Lack of dental care is incredibly cruel and inefficient: dentist
On April 26, Canadian Doctors for Medicare hosted a webinar on the challenges and possibilities of dental care in Canada. The panelists welcome the expansion of public dental care in Canada but want the government to do more to make dental care more accessible and universal.
In his introductory remarks, Dr. Brandon Doucet, a dentist, founder of the Coalition for Dentalcare and author of the new book, About Canada: Dental Care, said the lack of dental care is “incredibly cruel and inefficient.”
“Having missing teeth or visible decay can affect employability, which perpetuates the cycle of poverty. In the time people lack access to care, disease only worsens, which can lead to potentially life-threatening infections,” said Doucet.
Doucet moderated the webinar that featured a dentist, an emergency room doctor and a journalist. The webinar is available for viewing here –
Doucet noted one in three Canadians lack dental insurance and over one in five Canadians avoid going to the dentist because of financial constraints. According to Doucet, those rates are on the rise with work becoming more precarious and dental insurance not being provided by employers of a growing non-unionized workforce.
Doucet reminded the audience that inadequate spending on public health care has created gaps in coverage. Canada is even behind the U.S. in spending on public dental care.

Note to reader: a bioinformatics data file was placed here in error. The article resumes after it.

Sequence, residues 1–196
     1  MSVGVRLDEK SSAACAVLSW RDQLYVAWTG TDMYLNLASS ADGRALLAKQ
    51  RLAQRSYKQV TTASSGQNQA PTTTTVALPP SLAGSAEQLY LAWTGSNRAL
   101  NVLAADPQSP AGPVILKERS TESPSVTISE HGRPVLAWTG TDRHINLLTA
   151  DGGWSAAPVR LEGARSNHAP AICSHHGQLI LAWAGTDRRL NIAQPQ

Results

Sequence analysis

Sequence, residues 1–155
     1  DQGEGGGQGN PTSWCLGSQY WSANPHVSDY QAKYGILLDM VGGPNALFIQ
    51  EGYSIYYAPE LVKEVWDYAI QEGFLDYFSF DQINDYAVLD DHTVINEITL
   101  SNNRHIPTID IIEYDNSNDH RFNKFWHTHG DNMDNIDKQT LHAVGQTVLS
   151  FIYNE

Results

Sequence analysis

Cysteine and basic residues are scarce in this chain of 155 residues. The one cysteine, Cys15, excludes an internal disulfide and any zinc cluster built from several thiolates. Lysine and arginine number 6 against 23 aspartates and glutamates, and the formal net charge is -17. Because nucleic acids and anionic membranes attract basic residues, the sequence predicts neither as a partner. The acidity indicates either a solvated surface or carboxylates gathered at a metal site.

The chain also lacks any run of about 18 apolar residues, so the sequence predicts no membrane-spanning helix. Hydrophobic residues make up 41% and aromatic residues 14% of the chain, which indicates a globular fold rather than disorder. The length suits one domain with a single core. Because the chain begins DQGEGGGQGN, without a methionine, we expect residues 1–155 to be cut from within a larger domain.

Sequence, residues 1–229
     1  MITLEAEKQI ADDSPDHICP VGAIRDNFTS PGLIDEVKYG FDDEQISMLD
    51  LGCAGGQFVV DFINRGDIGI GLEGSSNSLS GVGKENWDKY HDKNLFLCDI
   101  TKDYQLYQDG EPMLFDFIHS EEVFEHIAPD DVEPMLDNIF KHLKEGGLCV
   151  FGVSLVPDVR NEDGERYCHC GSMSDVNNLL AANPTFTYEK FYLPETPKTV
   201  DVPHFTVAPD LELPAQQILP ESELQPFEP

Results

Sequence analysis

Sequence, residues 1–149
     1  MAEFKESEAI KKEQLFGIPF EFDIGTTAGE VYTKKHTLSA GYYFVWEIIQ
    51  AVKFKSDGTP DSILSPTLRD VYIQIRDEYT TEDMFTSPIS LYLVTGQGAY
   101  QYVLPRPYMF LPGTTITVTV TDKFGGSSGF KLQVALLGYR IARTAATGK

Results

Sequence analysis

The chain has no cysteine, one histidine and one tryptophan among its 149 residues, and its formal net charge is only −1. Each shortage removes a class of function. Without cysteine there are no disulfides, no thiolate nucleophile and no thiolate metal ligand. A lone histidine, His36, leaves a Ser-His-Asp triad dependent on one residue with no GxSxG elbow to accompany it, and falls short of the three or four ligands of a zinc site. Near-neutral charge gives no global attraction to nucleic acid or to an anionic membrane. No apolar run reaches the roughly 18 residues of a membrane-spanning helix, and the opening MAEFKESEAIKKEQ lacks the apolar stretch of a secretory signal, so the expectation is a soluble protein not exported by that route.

“Lacking access to dental care is problematic. It forces poor oral health care onto people. Poor oral health leads to many consequences like diabetes complications, worsening heart disease and increased rates of aspiration pneumonia,” said Doucet.
Doucet said the Liberal-NDP agreement aims to give more people access to dental care but that it needs to be a stepping stone to a truly universal dental care that ensures everyone has access to timely and comprehensive care.
Mary Otto, an American medical journalist and author of Teeth: Beauty, Inequality, and the Struggle for Oral Health in America, shared a fascinating history of dental care in the U.S.
Otto started covering oral health when a young boy died of dental sepsis, a complication of an abscessed tooth, in Washington, D.C. His family spent a quarter of million dollars to try and save him.
Dr. Hasan Sheikh, an emergency physician with Canadian Doctors for Medicare, said he sees patients in the emergency department who really need to see a dentist but have nowhere else to go.
“It’s a very strange system where one part of your body is treated as not part of your overall health,” said Sheikh.
“Your smile is such an important part of your mental health. It’s very strongly related to self-esteem and to social interactions and … employability,” said Sheikh.
Dr. Paul Allison is a dentist and professor in the Faculty of Dental Medicine and Oral Health Sciences at McGill University. He told the audience that dental decay is the most common non-communicable disease in the world. He called for alternative delivery models that are more accessible and integrated with other health care.
On March 28, the Trudeau government’s budget earmarked $13-billion to expand dental care to families earning less than $90,000 a year. Meanwhile, seniors on fixed pensions that fall below the poverty line are calling the Canadian Health Coalition daily, wanting to know when exactly they will be able to afford to see a dentist. They need dental care coverage now.
Tracy Glynn is the National Director of Projects and Operations for the Canadian Health Coalition